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National Cheesesteak Day

National Cheesesteak Day

Every March 24 America pays tribute to one of the all-time classic sandwiches — the cheesesteak. Much like national liberty itself, the cheesesteak is elegant, necessary, pure, and was born in Philadelphia. The cheesesteak rose from humble beginnings in South Philly to the cultural icon it is today: safely secure in the sandwich hall of fame. “Eat (ahem, read) on to celebrate National Cheesecake Day.”


The cheesesteak was created in 1930 when Pat Olivieri, owner of Pat’s King of Steak, and a hot dog vendor, grilled beef and threw in some onions to make a sandwich. This caught the attention of a nearby taxi driver, who proceeded to ask for one too. The rest, as they say, is history.

There are a few disputes to this story, but Pat and Harry Olivieri are predominantly credited with the invention of the cheesesteak sandwich. The cab driver who became interested in the tempting sandwich that Pat was having, stopped to have one for himself. The sandwich was so delicious that the driver suggested that Pat stop selling hot dogs and, instead, start selling this new sandwich.

Perfecting the recipe, the steak sandwich started selling like hotcakes at Olivieri’s hot dog stand near South Philadelphia’s Italian Market. The popularity of the steak sandwich led Pat to open his eatery — Pat’s King of Steaks. The restaurant is still running successfully today. Interestingly, the original sandwich that Pat had did not have any cheese. According to Olivieri, a manager named Joe Lorenza was the first to add provolone cheese to the sandwiches at one of the restaurants located on Ridge Avenue

Since then, cheesesteaks have become immensely popular at food carts and restaurants throughout the city. Most of these eateries are owned and run by families, who have their unique spin on cheesesteaks. Several fast-food restaurants also offer their variations of cheesesteaks now. Outside of Philadelphia, the sandwich is commonly known as ‘Philly cheesesteak.’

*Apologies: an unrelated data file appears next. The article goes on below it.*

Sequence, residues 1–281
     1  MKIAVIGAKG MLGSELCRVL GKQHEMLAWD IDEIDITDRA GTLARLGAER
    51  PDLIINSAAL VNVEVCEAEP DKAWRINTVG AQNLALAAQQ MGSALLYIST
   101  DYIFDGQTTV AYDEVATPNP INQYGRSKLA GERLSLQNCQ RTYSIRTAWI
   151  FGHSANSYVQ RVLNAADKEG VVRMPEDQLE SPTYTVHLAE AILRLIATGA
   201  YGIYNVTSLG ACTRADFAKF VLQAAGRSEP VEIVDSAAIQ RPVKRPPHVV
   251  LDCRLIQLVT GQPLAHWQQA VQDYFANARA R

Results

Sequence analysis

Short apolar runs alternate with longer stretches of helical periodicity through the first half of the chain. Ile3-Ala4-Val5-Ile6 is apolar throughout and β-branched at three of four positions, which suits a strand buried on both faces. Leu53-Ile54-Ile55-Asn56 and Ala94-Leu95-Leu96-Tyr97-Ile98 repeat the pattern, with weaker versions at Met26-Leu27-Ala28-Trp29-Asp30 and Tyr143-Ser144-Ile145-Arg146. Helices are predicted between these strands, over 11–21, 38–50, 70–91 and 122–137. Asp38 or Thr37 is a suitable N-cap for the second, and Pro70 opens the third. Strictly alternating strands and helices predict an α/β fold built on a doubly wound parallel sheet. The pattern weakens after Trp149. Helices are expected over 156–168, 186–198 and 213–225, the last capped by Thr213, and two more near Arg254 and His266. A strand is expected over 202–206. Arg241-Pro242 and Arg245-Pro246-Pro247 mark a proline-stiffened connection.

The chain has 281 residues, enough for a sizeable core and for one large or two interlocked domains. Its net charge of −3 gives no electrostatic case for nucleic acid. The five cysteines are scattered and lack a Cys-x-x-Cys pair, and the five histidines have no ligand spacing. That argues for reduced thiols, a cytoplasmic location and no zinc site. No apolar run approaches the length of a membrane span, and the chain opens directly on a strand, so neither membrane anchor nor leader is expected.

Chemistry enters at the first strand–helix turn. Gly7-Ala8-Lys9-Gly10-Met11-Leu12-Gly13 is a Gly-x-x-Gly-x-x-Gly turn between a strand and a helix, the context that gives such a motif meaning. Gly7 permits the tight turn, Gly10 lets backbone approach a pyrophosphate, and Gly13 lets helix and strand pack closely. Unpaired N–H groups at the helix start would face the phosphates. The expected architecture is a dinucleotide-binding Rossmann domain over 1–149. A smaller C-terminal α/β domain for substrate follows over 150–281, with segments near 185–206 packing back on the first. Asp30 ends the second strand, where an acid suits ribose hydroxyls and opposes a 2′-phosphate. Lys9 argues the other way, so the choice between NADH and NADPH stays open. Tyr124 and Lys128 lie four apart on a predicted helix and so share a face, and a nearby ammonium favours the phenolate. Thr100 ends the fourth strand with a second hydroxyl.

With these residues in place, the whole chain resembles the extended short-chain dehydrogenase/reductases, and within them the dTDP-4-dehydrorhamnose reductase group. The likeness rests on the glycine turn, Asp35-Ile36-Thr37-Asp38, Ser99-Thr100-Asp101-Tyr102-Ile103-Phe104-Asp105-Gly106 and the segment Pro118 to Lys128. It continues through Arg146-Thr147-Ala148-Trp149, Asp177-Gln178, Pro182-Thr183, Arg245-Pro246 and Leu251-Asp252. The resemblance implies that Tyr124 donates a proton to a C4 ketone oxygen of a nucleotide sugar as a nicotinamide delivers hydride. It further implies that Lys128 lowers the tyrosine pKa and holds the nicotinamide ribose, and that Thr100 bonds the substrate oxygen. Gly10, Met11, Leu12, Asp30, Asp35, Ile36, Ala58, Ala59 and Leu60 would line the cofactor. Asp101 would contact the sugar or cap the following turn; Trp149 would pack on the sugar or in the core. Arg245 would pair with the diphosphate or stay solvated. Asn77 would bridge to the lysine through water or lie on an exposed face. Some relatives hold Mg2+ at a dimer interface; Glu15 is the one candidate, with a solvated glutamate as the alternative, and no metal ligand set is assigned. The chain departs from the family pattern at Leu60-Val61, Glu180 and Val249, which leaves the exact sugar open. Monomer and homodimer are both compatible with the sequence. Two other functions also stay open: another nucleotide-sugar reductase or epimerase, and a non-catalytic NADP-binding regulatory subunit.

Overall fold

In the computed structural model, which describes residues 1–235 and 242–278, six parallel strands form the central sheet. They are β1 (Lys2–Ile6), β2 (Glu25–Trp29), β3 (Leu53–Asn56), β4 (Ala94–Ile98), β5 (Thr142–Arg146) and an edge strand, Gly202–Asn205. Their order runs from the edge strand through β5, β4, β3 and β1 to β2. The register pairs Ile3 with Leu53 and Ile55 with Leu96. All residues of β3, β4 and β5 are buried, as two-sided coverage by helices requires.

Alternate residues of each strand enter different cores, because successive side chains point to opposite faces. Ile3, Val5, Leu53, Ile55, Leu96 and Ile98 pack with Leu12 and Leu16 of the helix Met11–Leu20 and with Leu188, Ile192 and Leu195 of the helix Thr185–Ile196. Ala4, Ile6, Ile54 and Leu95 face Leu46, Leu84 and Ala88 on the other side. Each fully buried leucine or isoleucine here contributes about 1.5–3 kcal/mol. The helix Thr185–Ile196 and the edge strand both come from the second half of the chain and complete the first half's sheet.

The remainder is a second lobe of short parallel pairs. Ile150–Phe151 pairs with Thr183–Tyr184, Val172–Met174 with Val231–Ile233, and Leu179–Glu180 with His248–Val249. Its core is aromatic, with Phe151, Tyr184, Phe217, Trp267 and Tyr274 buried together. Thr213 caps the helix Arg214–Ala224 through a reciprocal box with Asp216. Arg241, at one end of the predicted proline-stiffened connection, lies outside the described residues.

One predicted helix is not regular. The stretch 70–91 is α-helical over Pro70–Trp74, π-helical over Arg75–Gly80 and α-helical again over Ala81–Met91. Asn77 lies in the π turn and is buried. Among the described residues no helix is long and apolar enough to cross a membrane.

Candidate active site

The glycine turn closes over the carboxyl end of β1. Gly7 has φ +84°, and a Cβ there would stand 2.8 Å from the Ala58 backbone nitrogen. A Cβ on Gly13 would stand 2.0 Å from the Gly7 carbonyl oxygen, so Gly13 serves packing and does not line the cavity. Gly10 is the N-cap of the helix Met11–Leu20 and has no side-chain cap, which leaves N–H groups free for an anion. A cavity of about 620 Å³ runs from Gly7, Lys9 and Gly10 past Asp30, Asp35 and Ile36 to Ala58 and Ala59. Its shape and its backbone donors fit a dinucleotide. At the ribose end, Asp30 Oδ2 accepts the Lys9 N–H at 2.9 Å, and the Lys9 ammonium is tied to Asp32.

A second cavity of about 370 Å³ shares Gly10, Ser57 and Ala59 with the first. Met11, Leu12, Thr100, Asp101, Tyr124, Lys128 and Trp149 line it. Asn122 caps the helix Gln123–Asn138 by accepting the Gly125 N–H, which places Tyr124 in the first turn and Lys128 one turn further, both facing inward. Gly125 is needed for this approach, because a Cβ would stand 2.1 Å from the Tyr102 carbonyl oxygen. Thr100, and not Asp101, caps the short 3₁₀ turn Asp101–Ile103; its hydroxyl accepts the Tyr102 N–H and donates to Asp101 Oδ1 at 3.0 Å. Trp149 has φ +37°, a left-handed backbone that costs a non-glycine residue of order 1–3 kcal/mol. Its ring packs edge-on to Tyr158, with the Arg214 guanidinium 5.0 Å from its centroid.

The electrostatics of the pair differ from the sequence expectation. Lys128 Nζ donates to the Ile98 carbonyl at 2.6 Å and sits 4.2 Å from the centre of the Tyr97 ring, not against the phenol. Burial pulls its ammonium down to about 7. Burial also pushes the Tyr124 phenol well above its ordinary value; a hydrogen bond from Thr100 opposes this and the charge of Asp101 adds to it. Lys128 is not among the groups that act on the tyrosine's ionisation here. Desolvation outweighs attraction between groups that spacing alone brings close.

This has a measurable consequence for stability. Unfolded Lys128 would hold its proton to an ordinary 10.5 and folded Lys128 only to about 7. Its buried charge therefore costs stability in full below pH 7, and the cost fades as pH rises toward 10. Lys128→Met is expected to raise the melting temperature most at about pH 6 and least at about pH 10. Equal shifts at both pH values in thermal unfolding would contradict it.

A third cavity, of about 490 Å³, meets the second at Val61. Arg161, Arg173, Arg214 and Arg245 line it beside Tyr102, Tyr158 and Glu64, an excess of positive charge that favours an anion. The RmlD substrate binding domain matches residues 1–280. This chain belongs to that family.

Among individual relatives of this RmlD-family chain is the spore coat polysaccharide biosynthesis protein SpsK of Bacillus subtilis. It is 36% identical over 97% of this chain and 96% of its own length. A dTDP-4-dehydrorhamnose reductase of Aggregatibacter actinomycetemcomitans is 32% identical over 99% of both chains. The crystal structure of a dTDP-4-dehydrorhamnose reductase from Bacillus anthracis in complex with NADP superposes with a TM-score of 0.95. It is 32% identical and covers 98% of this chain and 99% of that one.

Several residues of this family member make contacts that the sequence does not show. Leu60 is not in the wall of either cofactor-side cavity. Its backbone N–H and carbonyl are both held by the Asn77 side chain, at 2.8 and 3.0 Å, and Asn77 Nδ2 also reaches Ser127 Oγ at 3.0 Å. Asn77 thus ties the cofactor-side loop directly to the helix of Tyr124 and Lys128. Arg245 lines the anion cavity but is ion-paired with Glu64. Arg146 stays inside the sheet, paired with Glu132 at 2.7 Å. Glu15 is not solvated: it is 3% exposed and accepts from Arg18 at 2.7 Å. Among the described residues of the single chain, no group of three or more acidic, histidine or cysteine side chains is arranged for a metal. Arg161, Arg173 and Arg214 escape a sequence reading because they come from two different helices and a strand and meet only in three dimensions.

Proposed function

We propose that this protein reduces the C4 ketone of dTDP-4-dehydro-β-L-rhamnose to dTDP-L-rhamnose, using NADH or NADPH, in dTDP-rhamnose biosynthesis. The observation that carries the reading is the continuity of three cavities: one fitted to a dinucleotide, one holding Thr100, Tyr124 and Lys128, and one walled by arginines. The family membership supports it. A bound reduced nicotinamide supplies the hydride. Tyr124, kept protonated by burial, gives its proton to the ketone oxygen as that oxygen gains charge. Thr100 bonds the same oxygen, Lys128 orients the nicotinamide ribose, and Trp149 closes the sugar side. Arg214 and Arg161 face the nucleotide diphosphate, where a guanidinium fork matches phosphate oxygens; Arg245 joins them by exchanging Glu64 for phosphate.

1.Eat a cheesesteak

This seems obvious, but sometimes the obvious answer is the best. You can roll up your sleeves and craft your sandwich, or you can pay a professional to do it for you. Just know that if the word Philly is in the name, it may not be the most authentic.

2.Visit the cheesesteak homeland

If you have the time and money, take a pilgrimage to the magical land where it all started. There are a shocking amount of official cheesesteak tours of Philadelphia, or you can go off the beaten path on your own if you’re feeling adventurous. Just be sure to stop at Pat’s and Geno’s.

3.Try a vegan cheesesteak

Cheesesteaks may seem like the last thing that could be made vegan, but there are countless, easy-to-follow recipes online for plant-based cheesesteaks. If you’re in the mood for a kitchen adventure, try a cheesesteak made from mushrooms, vegetables, soy, wheat, nuts, or pretty much anything else imaginable.


A. Gee Whiz!

Philly cheesesteaks are traditionally served with Cheez Whiz. End of discussion. You can argue this point forever, but that’s the way things currently stand in the motherland: Philadelphia, Pa.

B. Delicious food doesn’t have to be fancy

There’s no denying it – cheesesteaks are downright delicious. They prove that you don’t need all kinds of fancy trimmings and trappings to make a delectable sandwich. Sometimes the only ingredients you need are the ones in the name.

C. They’re a huge part of Philly culture

Philly loves Ben Franklin, the Eagles, and cheesesteaks — in that order. They’re such an integral part of the city’s culture that they generate tourism. But, whatever you do, don’t call it a “Philly Cheesesteak.” It’s just a cheesesteak.


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